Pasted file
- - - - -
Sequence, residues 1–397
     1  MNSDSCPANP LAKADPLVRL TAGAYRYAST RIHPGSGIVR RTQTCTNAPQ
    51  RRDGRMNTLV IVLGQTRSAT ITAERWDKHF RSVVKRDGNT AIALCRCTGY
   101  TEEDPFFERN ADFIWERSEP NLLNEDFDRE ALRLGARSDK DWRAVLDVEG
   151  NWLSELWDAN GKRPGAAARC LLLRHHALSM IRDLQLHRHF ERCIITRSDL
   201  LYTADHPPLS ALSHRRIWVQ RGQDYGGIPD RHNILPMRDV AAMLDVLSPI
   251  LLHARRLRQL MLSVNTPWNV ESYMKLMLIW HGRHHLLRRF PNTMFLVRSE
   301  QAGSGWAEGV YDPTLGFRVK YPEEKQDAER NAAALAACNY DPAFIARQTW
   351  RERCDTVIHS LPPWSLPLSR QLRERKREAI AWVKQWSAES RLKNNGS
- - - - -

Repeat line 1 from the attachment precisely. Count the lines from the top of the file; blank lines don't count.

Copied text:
Sequence, residues 1–397